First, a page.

Causes of Periodontal (Gum) Disease
The main cause of periodontal disease is bacterial plaque, a sticky, colorless film that forms on your teeth. Bacterial plaque isn’t the only cause, though. Other factors, like the following, can also affect the health of your gums.
Tobacco use is linked to a range of serious illnesses such as cancer, lung disease, and heart disease, as well as numerous other health problems. What you may not know is that tobacco users also have an increased risk of developing periodontal disease. In fact, recent studies have shown that tobacco use may be one of the most significant risk factors in developing a serious case of periodontal disease.
Research proves that up to 30% of the population may be genetically susceptible to gum disease. Despite aggressive oral care habits, those with a genetic predisposition may be six times more likely to develop a problem. Identifying these people with a genetic test before they even show signs of the disease and getting them into early interventive treatment may help them keep their teeth for a lifetime.
Pregnancy and Puberty
As a woman, you know that your health needs are unique. Daily brushing and flossing daily, a healthy diet, and regular exercise are all important to help you stay in shape. You also know that you need to take extra care of yourself at specific times in your life. Times when you mature and change—for example, puberty or menopause—and times when you have special health needs, such as menstruation or pregnancy. During these particular times, your body experiences hormonal changes that can affect many of the tissues in your body, including your gums. They can become sensitive, and at times react strongly to the hormonal fluctuations, making you more susceptible to gum disease. Recent studies also suggest that pregnant women with gum disease are seven times more likely to experience preterm delivery or have babies with a low birth weight.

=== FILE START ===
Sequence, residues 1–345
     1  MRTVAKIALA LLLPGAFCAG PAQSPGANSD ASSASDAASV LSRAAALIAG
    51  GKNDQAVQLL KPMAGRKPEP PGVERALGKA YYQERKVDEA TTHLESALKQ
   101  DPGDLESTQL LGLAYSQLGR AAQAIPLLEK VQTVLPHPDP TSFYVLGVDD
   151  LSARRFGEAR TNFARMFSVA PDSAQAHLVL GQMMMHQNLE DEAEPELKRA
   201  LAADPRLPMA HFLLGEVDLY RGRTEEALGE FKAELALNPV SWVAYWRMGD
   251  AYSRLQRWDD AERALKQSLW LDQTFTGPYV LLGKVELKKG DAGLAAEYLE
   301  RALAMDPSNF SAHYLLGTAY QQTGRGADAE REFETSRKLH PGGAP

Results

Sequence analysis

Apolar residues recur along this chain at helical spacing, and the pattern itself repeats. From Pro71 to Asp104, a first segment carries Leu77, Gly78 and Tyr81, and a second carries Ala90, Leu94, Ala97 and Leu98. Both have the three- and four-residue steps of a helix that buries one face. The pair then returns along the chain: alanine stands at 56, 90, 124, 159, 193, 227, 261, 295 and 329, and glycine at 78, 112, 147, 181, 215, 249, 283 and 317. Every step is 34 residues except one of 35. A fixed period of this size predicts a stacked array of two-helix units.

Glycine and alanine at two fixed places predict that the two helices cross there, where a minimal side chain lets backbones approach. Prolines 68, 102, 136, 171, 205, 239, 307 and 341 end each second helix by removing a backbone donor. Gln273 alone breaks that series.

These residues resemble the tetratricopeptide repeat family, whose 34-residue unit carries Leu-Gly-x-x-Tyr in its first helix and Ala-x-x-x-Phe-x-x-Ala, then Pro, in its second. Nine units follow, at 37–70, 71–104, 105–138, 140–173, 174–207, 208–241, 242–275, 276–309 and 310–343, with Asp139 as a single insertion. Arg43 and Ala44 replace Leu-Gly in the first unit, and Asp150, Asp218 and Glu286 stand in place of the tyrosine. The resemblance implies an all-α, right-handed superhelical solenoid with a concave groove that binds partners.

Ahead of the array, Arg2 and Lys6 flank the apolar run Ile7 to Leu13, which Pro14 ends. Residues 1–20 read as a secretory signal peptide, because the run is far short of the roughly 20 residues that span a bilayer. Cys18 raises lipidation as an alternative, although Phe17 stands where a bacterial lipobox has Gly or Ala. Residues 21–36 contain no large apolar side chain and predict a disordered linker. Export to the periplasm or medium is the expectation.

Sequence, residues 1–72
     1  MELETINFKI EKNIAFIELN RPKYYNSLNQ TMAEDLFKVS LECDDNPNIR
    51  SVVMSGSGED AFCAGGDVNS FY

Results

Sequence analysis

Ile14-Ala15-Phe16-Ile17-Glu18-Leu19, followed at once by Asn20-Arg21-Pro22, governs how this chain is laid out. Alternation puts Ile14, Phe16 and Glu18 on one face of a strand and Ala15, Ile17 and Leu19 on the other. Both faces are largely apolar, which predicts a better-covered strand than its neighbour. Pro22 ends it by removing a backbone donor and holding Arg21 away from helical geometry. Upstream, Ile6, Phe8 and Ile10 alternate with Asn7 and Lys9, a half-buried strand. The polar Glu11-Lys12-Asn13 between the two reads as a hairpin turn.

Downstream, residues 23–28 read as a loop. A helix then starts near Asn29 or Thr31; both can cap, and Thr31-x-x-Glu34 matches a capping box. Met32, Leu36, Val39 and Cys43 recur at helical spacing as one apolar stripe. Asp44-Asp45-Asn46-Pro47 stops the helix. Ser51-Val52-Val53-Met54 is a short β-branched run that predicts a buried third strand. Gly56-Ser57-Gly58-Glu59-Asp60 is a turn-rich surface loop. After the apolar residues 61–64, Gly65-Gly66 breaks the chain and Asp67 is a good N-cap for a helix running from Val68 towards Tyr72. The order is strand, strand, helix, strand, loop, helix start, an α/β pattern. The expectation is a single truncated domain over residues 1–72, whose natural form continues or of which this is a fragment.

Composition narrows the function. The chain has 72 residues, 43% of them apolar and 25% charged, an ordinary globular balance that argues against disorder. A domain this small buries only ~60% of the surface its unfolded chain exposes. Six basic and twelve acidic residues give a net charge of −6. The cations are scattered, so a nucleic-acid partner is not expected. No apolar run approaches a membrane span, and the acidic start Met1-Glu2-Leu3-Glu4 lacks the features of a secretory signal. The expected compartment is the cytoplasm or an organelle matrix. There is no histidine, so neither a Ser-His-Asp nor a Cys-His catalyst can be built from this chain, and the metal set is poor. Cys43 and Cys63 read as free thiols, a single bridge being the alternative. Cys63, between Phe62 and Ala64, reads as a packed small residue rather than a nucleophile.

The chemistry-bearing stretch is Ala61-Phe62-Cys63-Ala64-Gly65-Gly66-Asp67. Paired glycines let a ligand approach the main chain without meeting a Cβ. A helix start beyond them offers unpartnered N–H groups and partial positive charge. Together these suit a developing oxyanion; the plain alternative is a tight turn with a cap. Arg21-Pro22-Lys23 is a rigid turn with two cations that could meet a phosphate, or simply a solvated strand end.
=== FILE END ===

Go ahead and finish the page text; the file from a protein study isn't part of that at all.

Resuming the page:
Stress is linked to many serious conditions, including hypertension and cancer. What you may not know is that it is also is a risk factor for periodontal disease. Research demonstrates that stress can make it more difficult for the body to fight off infection, including an infection caused by periodontal disease.
Some drugs, such as oral contraceptives, anti-depressants, and certain heart medicines, can affect your oral health. Just as you notify your pharmacist and other health care providers of all medicines you are taking and any changes in your overall health, you should also inform your dental care provider.
Clenching or Grinding Your Teeth
Do you grind your teeth at night? Do you clench your teeth when you’re taking a test or solving a problem at work? Clenching or grinding can put excess force on the supporting tissues of the teeth and could increase the rate at which these periodontal tissues are destroyed.
Diabetes is a disease that affects a patient’s blood sugar levels. It develops from either a deficiency in the production of insulin (a hormone that is the key component in the body's ability to use blood sugars) or the body's inability to use insulin correctly. According to the American Diabetes Association, approximately 16 million Americans have diabetes. However, more than half have not been diagnosed. If you are diabetic, you have a higher risk for developing infections, including periodontal disease. These infections can impair the ability to process and/or utilize insulin, which can make it more difficult for you to control your condition. It can also cause your infection to be more severe than it would be in a non-diabetic.
A diet low in important nutrients can compromise the body's immune system and make it harder for the body to ward off infection. Because periodontal disease is a serious infection, poor nutrition can worsen the condition of your gums.
Other Systemic Diseases
Diseases that interfere with the body's immune system may worsen the condition of the gums.